I have a “raptor profile and silhouette chart” and still, except for turkey vultures, unless the bird flies close overhead I know only that it is a Large Bird. But fellow birders are always gracious in offering tips and giving me a chance to watch through their spotting scopes. With the gentle southerly winds, this day was proving to be a veritable expressway of raptors and other migrants giving me a chance to make some important additions to my seasonal checklist. In fact I has just written “Rough leg hawk!” in my pocket notebook, the exclamation point indicating a new addition to my slowly growing life list when someone called out “Kettle over the Bay.”
Was someone serving tea? I wondered until I saw what everyone was training their binoculars on.
A steady stream of raptors was flowing into a growing spiral of birds circling higher and higher above the small bay just north and east of Derby Hill. “Kettles” form when raptors find a warm updraft which they ride in wide gentle circles to an upper level current. This energy saving method of riding currents helps these large birds travel greater distances during migrations.
I had seen small kettles of a half dozen or so raptors when out hiking. This was no small kettle, growing in fact by the minute into a serious cauldron of large dark birds, showing no signs of abating anytime soon. Any thought I had of it being about time to head home flew out of my head faster than a songbird darting through the undergrowth. The number of birds joining the formation was astounding. I could hear several watchers counting quietly and others had moved their spotting scopes to focus on various areas of the still growing spiral.
Within minutes the kettle had the appearance of a small black vortex. The raptors’ cries and calls could be heard even over the sound of the waves below. Hundreds grew into thousands as the stream picked up pace. Someone’s cell phone pinged ( chirped actually ) and I over heard them explaining what we were seeing. “That was Bill ( one of the RBA admins) He just got a call from the NOAA station wanting to know what was going on over the lake.” Apparently the vortex had grown large enough to show up on the weather radar.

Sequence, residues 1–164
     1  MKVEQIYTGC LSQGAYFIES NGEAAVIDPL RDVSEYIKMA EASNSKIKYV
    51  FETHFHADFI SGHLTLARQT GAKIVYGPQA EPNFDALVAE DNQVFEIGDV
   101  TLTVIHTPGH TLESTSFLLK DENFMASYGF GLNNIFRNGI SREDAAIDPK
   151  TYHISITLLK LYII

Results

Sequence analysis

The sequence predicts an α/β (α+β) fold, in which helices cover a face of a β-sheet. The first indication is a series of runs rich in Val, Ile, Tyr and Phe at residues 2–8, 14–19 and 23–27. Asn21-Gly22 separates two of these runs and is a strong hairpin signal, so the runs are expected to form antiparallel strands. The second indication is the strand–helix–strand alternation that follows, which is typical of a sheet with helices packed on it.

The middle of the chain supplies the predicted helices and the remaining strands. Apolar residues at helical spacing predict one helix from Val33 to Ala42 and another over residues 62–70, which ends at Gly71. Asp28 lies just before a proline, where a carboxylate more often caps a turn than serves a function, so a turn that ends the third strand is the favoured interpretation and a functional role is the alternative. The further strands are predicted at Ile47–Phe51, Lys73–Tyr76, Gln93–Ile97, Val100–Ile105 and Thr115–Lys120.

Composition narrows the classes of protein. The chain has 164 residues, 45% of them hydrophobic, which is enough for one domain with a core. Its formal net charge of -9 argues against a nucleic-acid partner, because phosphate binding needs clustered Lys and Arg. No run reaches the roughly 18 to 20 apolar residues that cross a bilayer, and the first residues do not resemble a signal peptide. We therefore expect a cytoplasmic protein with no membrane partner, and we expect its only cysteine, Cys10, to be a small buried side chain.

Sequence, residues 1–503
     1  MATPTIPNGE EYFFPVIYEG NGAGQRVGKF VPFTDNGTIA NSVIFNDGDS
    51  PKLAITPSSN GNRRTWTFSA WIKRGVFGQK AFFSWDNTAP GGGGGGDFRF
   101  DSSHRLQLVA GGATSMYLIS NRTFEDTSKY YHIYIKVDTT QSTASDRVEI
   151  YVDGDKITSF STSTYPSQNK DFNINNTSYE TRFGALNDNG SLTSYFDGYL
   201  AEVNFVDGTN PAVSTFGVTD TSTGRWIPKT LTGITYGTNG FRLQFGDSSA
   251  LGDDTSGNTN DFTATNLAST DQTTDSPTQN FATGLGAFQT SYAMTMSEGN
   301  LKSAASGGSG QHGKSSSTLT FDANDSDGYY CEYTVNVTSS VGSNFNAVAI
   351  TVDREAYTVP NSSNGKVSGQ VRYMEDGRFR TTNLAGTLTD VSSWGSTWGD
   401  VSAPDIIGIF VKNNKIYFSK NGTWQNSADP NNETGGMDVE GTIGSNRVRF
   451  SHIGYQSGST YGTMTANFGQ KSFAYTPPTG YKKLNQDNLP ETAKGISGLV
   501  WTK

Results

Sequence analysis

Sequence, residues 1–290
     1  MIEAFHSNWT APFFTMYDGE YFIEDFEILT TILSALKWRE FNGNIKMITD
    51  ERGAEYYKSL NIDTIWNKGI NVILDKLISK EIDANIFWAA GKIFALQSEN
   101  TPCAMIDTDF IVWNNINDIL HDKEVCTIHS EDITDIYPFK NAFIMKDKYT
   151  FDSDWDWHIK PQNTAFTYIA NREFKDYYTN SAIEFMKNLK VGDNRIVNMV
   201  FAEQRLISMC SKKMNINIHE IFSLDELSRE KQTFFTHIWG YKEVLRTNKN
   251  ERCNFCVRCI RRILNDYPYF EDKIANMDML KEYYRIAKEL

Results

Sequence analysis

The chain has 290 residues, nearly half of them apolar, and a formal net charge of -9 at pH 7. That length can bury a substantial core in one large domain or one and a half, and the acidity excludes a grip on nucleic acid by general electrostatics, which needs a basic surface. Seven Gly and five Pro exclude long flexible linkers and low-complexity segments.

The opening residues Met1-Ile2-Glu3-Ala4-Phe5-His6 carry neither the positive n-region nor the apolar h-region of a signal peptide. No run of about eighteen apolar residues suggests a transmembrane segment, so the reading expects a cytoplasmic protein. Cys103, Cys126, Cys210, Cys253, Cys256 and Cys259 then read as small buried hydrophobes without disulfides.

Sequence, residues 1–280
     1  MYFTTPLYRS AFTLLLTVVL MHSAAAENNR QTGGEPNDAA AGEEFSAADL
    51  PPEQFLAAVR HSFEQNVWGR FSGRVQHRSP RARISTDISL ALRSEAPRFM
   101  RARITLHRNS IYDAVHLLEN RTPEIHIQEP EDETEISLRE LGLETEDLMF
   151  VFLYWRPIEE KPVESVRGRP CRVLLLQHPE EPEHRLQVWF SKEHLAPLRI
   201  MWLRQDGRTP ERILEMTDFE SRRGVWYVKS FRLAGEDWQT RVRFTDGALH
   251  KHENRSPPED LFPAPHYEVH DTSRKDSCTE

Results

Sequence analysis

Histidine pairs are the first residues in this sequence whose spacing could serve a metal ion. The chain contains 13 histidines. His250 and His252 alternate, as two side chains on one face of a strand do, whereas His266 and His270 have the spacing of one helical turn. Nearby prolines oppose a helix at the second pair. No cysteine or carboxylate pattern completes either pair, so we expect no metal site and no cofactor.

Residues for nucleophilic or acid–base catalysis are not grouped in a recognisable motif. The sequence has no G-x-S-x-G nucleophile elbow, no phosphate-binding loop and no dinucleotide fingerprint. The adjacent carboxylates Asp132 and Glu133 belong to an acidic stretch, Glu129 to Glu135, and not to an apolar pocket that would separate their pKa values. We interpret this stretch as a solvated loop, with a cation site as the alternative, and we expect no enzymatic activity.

I honestly have no idea how long we stood there. I only know it was as if I had grown roots like one of the trees clinging to the cliffs below. I stood transfixed, watching the vortex grow and then finally begin to dissipate. I found myself silently urging the late fliers to hurry up and make a dash to “get in” on this historic moment. I know the stats were recorded in the Derby Hill record books and reported by our local Audubon chapter, verified (there was no shortage of reliable eye witnesses) and eventually listed with the National Society.
The impact of this experience remains with me. Some deep connection was made, a lost longing awakened.
I watch that huge black vortex and hear the distant cries against a backdrop of waves every time I see a hawk….
Every Single Time.
So when I discovered the Cornell hawk cam it was an obvious must follow for me. In addition to the live cam (which has an infra red setting for nighttime video) Big Red and Ezra file regular reports on Twitter. Avid followers can find out the minute an egg is laid, when the first chick hatches and which baby is the first to fledge. Reality TV does not get any better than this, especially so early in the birding season when returning migrants are still sparse.
It’s my third season watching, although it is actually the fourth season Big Red and Ezra have been on camera.
Hmmm I wonder if the first season is out yet on NetFlix?
The view from the cliff where the vortex occurred.
Postscript Editor’s note: If readers would like to follow Big Red, Ezra and their brood, you can find details at this excellent blog.
Walk gently on the path my friends and may adventure find you ready.